The World Food Programme (WFP) has warned of a massive increase in hunger rates around the world due to the exacerbation of the climate crisis.
In a report issued in Geneva, Switzerland, yesterday, on the occasion of World Food Day, which falls today, the program explained that analyses conducted by its experts show that a rise in the global average temperature by two degrees Celsius above pre-industrial levels will put an additional 189 million people in the grip of hunger.
The report pointed out that vulnerable societies, the vast majority of which depend on agriculture, fishing, and livestock, were the worst hit by the climate crisis.
Those societies will continue to bear the brunt of the effects with limited means to mitigate the blow.
David Beasley, Executive Director of the World Food Programme, said that vast areas of the world from Madagascar, an island-state in the Indian Ocean to Honduras, in Latin America, to Bangladesh, in Asia, are experiencing a climate crisis that is now a daily reality for millions.
Beasley explained that successive droughts have pushed nearly 1.1 million people into extreme hunger.
About 14 % of those people are in famine-like conditions, while this number is expected to double by the end of the year.
He stressed that when the climate crisis is combined with internal conflict, it leads to existing vulnerabilities and amplifies damage and destruction, as is happening in Afghanistan.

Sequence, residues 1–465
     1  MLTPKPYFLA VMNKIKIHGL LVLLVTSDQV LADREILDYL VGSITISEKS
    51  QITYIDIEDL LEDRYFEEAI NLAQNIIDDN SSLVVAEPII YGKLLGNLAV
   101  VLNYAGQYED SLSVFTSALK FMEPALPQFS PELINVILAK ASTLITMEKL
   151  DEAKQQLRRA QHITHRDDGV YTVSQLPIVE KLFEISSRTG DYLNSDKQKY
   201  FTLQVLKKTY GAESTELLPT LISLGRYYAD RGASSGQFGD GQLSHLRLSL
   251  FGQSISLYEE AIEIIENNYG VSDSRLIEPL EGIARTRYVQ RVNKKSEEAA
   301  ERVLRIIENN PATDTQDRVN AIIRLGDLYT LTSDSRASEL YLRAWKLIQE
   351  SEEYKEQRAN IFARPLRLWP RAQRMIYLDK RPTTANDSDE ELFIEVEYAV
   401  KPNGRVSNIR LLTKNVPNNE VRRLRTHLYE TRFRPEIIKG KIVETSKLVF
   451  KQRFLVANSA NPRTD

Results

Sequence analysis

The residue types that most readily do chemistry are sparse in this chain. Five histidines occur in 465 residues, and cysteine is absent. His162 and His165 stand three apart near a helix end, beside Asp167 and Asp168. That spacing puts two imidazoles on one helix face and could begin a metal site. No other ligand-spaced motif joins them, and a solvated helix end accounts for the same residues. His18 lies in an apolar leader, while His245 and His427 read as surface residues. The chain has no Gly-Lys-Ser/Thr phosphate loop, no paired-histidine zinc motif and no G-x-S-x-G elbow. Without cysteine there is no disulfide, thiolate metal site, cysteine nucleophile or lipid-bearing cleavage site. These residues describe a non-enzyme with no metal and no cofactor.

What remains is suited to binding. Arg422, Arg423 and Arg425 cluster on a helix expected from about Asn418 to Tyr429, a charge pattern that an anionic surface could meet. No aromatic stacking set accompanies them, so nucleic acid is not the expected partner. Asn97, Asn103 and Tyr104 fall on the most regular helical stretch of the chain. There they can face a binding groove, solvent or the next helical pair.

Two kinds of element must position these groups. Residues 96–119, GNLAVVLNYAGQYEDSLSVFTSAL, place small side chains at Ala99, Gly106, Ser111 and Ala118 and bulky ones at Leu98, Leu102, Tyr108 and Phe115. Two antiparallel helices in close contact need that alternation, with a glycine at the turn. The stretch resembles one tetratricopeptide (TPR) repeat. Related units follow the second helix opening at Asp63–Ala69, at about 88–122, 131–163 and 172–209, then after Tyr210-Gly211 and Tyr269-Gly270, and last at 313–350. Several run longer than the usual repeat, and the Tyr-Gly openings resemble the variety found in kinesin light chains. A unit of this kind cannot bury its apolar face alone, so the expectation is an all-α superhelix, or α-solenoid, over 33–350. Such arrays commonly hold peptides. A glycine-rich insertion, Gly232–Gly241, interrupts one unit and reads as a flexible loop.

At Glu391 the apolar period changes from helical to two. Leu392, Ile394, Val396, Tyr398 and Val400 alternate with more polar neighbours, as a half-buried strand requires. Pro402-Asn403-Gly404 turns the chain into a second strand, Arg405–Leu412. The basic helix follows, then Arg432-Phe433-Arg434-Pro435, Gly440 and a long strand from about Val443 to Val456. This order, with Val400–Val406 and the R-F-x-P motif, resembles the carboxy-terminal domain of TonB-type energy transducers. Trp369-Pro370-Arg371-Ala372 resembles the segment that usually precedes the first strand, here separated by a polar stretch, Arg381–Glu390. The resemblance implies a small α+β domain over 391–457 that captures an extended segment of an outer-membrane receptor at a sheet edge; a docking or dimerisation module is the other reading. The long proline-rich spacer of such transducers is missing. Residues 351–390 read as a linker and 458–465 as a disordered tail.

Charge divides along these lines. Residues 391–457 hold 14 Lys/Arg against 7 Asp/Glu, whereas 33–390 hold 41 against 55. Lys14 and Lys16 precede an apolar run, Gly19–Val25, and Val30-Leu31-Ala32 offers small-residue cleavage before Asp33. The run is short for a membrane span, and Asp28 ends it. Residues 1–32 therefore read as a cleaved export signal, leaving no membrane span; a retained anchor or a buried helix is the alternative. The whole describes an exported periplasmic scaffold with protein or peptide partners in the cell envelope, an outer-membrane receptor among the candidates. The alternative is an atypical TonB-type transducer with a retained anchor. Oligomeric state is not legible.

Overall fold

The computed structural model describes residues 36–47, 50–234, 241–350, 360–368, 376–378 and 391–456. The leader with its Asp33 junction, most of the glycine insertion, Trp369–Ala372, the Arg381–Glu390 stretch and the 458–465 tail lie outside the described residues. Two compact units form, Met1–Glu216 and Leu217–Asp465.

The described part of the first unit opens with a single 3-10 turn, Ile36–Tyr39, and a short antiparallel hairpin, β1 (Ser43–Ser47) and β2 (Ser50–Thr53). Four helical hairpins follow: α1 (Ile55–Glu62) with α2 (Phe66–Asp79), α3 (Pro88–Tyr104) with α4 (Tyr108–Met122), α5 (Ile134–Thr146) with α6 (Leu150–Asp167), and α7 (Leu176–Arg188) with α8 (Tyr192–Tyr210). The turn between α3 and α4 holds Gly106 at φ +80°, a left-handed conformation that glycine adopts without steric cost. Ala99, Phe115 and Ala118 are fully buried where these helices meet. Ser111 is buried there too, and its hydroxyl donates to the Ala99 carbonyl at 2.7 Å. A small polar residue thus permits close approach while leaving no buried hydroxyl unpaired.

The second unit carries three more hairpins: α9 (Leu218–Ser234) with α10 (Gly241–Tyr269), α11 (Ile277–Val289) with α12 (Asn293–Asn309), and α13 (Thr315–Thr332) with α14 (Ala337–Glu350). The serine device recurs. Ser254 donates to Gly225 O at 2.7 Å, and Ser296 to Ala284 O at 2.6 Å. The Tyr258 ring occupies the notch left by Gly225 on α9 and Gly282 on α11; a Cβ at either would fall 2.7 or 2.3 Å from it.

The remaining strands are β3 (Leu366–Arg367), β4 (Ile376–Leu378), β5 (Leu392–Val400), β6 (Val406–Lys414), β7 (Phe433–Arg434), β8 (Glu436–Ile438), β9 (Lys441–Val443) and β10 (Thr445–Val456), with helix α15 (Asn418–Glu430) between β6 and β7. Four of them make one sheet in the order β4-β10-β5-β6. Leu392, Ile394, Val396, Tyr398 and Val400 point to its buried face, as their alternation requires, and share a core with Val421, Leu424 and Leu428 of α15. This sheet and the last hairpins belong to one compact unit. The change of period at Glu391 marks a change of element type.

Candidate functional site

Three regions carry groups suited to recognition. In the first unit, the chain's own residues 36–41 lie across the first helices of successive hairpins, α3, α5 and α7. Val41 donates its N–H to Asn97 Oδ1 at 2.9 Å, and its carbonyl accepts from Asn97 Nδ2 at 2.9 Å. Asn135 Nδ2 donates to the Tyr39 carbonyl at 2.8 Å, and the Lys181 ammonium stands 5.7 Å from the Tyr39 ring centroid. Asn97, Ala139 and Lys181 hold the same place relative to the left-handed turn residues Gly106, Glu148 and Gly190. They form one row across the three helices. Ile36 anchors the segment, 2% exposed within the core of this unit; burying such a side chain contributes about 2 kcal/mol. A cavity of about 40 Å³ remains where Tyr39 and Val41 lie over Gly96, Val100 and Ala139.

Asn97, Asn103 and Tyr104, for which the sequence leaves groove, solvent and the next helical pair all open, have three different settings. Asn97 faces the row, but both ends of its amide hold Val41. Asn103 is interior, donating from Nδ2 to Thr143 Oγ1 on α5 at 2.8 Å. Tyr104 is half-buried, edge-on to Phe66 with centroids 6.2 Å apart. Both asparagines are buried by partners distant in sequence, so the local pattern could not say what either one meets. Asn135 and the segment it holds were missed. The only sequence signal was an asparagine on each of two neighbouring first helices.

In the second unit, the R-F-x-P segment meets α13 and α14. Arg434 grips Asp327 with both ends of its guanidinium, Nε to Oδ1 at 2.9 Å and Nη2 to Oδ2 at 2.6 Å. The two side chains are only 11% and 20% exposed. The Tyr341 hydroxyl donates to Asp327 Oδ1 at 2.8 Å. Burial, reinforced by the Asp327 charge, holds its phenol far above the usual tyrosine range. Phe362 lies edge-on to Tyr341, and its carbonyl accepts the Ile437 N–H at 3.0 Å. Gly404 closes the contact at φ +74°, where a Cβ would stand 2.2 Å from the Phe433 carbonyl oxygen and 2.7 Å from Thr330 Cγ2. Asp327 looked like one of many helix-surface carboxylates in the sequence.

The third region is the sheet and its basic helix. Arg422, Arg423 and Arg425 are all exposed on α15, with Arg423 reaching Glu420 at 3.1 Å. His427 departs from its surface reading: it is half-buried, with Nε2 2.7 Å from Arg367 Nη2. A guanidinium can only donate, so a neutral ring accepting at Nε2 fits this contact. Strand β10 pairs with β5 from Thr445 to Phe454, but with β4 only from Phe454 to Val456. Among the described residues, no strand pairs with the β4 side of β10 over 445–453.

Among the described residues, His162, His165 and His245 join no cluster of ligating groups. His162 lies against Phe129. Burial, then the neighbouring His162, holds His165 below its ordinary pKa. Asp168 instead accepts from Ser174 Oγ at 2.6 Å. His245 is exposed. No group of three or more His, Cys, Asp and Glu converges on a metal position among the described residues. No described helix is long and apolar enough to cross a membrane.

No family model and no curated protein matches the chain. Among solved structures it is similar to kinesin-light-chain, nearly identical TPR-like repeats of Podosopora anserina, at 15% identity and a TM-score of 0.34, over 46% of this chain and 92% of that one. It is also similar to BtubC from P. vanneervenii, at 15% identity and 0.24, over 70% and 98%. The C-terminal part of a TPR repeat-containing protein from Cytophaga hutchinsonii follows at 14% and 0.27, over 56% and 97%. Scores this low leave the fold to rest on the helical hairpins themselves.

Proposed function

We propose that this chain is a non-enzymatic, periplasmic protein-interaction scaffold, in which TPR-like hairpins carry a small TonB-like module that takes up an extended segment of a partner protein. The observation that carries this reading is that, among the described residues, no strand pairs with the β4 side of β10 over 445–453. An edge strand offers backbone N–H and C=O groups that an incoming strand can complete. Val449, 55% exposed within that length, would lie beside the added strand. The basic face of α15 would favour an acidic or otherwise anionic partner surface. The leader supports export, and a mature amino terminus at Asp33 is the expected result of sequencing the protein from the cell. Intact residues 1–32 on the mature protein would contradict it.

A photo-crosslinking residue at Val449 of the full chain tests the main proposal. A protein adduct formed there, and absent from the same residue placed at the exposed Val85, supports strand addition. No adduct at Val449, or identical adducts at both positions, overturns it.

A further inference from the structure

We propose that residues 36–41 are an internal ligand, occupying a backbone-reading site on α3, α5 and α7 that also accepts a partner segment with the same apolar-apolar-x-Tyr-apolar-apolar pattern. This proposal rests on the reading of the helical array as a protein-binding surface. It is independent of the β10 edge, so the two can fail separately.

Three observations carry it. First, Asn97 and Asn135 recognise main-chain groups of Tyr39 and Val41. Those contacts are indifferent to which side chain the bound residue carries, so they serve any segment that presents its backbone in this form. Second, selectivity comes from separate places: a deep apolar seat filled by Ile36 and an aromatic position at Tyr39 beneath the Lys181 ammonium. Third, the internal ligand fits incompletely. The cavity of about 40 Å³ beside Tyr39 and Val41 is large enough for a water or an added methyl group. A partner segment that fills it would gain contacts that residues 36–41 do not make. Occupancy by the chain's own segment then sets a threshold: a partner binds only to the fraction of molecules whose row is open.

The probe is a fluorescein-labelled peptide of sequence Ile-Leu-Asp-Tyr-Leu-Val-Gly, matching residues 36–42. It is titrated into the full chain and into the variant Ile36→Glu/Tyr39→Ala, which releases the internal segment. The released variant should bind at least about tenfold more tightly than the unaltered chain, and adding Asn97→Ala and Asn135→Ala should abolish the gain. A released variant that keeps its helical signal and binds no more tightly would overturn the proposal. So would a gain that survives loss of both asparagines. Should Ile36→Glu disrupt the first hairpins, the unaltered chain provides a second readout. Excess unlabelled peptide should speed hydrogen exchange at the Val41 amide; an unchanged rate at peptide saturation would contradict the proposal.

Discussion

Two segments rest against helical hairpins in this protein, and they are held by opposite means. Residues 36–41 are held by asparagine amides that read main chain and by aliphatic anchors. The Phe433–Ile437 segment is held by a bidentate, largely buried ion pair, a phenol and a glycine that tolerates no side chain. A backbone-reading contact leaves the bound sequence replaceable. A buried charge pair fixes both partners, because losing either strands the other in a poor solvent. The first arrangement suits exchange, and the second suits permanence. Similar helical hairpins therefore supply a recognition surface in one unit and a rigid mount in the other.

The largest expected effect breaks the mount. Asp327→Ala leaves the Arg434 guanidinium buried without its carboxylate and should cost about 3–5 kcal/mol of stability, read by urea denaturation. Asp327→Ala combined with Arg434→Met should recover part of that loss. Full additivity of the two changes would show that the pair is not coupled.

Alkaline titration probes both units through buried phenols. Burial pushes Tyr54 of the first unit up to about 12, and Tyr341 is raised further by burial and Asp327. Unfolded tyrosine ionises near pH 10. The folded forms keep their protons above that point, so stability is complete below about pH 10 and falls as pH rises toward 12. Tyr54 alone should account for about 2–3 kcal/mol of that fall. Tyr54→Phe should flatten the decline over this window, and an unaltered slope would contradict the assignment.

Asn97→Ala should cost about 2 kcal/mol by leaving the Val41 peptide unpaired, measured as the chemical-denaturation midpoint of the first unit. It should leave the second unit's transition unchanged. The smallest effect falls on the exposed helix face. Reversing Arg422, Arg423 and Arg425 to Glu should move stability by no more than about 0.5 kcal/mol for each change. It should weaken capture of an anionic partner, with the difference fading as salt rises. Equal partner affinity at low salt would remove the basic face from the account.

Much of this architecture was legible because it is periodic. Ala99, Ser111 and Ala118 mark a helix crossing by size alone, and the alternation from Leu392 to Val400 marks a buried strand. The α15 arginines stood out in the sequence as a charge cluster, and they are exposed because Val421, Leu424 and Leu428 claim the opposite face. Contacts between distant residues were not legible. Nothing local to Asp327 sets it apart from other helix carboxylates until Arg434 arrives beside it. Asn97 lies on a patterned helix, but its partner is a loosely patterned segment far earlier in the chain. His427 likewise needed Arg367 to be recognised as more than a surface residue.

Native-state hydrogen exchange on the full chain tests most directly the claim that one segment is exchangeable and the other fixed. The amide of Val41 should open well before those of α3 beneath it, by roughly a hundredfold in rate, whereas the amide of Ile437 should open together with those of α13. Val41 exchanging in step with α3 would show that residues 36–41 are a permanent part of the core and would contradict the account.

He noted that the WFP helps local communities adapt to the changing climate that threatens their ability to grow food, secure income, and withstand shocks, as it supported 39 governments and helped them Achieving its national climate ambitions in 2020.
The WFP also implemented solutions to manage climate risks in 28 countries, benefiting more than six million people so that they are more prepared for shocks and climatic stresses and can recover faster.
Beasley stated that the WFP allocated nearly $300 million for climate action in the past decade, explaining that the conflict is causing millions to go hungry.
He stressed the urgent need to invest in early warning systems, climate adaptation, and resilience programs to avoid this looming humanitarian catastrophe.